Voters appear to agree with President Donald Trump that the economy is improving, and while Trump is still unpopular, his approval rating is getting better. But according to a new poll, Americans still prefer a Democratic-controlled Congress over a Republican one, and they would rather vote for a congressional candidate who promises to be a check on the president than one who will vote with him all the time.
The poll, from NBC News and the Wall Street Journal, finds that registered voters are relatively pleased with the state of the US economy under Trump and say part of its status is because of him. Forty-four percent of voters say the economy has improved under Trump’s presidency and give him some credit for it; 27 percent say the economy has gotten better but it doesn’t have anything to do with Trump; 25 percent say the economy is the same.
More broadly, 63 percent of voters say they are satisfied with the state of the economy, compared to 37 percent who are dissatisfied. That’s similar to the same poll in January when 69 percent of voters said they were happy with the economy and 30 percent said they were not. (For reference, in the poll’s recent history, the most excited Americans were about the economy was in September 1998, with 86 percent of voters saying they were satisfied with the economy.)
The president’s approval rating is on the rise as well: 44 percent of voters approve of the job he’s doing as president, while 53 percent disapprove. That’s among his best marks since taking office in January 2017.
Americans prefer that Democrats control Congress
Half of the respondents to the NBC News/Wall Street Journal poll said they would prefer a Democratic-controlled Congress, compared to 40 percent who want the GOP to stay in charge. Voters wanting Democrats in charge of the legislature over Republicans has been a consistent trend over the past two years, but the margin seems to be growing: In April 2016, 47 percent of voters said they wanted Democrats in charge and 45 percent said Republicans. That, of course, is not how the election shook out — Republicans are in control of both the House of Representatives and the Senate.
The poll also gave those betting on the “blue wave” something to be optimistic about, as 63 percent of Democrats say they’re very interested in the 2018 midterms compared to 47 percent of Republicans. As the Wall Street Journal notes, the last time Democrats were this enthusiastic about voting was in 2006, when the party picked up 31 House seats and six Senate seats.
Forty-eight percent of voters say they’re likelier to support a congressional candidate who will be a check on Trump, compared to 23 percent who say they’re less likely. And 53 percent say they are less likely to vote for a candidate who supports Trump on most issues, while 31 percent say that would be a plus.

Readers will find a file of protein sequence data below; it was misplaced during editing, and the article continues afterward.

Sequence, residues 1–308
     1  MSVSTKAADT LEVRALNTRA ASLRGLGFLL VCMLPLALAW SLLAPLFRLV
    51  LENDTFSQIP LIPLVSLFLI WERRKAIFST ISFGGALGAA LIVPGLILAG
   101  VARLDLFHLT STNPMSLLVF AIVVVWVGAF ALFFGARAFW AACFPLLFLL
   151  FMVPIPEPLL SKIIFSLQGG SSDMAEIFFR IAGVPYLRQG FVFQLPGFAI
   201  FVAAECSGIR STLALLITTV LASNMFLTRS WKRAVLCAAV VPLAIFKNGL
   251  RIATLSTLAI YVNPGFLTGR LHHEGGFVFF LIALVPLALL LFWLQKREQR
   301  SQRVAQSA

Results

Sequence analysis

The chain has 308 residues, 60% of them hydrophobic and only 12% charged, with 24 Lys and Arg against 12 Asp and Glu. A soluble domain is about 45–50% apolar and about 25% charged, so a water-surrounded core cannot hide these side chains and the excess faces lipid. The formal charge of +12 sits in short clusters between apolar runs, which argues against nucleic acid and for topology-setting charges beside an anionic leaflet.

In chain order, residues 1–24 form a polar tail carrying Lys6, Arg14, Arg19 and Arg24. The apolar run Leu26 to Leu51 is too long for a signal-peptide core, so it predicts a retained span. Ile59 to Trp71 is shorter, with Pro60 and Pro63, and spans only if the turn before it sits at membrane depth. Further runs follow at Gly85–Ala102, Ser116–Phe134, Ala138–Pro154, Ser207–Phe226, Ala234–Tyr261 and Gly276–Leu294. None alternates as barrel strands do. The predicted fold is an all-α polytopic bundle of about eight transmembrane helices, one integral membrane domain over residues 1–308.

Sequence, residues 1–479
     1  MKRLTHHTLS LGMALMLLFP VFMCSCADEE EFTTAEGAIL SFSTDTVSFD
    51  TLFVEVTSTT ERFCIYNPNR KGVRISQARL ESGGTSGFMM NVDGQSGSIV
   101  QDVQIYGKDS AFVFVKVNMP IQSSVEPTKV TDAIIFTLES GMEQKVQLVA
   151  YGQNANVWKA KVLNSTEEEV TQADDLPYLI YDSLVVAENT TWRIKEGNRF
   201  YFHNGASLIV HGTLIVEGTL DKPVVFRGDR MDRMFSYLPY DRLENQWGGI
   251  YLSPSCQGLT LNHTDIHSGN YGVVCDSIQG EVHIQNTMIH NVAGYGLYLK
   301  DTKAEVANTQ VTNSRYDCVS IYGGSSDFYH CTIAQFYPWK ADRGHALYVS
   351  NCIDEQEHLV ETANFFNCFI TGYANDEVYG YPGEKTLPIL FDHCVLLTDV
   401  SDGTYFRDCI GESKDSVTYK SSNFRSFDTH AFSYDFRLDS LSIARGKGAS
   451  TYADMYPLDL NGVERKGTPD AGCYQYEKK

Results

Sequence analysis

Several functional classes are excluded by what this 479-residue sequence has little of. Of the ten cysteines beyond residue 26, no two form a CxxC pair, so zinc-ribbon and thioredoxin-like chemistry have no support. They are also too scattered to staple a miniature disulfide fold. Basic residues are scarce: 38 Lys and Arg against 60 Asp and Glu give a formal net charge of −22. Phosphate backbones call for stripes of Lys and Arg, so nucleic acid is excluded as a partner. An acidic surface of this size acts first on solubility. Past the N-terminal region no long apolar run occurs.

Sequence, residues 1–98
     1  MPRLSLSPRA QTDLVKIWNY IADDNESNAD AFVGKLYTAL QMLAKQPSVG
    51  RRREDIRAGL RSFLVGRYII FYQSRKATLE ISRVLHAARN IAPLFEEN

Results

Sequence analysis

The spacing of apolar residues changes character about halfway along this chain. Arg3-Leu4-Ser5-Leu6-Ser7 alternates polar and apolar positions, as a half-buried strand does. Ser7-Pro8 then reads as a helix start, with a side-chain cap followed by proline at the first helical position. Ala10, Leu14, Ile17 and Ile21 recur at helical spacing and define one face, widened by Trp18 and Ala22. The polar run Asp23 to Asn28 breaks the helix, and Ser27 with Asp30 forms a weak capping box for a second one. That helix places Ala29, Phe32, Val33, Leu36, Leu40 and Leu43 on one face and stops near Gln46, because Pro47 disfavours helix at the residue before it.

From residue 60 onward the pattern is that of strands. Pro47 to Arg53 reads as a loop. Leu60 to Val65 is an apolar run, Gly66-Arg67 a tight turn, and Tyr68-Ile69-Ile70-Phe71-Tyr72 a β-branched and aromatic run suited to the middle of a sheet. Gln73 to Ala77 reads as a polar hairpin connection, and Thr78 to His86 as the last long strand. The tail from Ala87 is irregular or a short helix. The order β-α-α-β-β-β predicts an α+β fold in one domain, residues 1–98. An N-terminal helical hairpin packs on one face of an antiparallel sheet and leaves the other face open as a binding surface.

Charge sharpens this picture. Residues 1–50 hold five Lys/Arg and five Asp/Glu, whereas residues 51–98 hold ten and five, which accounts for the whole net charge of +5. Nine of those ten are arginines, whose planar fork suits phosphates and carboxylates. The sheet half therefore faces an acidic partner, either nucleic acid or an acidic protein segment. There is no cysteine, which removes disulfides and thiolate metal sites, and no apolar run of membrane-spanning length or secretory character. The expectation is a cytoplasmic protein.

Some of the major issues Republicans hope to run on aren’t winners. Forty-nine percent of voters say they are less likely to pick a candidate who supports Trump’s policies on immigration and border security (39 percent say they’re more likely to back them), and 42 percent say a candidate’s support for the GOP tax plan makes them less likely to vote for them (36 percent say that’s a plus).
There are also worrying signs for Democrats, though. Supporting House Minority Leader Nancy Pelosi (D-CA) appears to be a drag on candidates. And voters don’t seem to know what to do with the Russia investigation or special counsel Robert Mueller’s ongoing probe.
About the same amount of voters say they believe, don’t believe, or don’t know whether the Trump campaign colluded with Russia in 2016. Forty-six percent think the Mueller investigation should continue, while 36 percent think it should end. And 53 percent say they have confidence in Mueller’s impartiality, compared to 40 percent who don’t.
The 2018 midterms are still five months away, and there’s a lot of runway between now and then
Thursday’s poll has bright spots and points of concern for both parties.
For Republicans, a strong economy and a president who is becoming, at the very least, less unpopular doesn’t appear to be speaking to voters in the way they had hoped. The same goes for their tax cuts, which, it turns out, are a hard sell.
For Democrats, the enthusiasm of late last year does seem to be waning, and the electoral map is complicated. Vox’s Li Zhou recently spoke to multiple experts about what they make of Democrats’ chances in 2018. The response: The scenario isn’t terrible, but it’s not great either.
“The blue wave may not be crashing, but its seeming inevitable ascendancy has certainly flattened out,” Tim Malloy, an assistant director of the Quinnipiac University poll, told Zhou. “Our surveys show the president’s numbers rising, gradually building on a surging economy.”
Thursday’s NBC News/Wall Street Journal poll shows it’s not clear how that will all play out.
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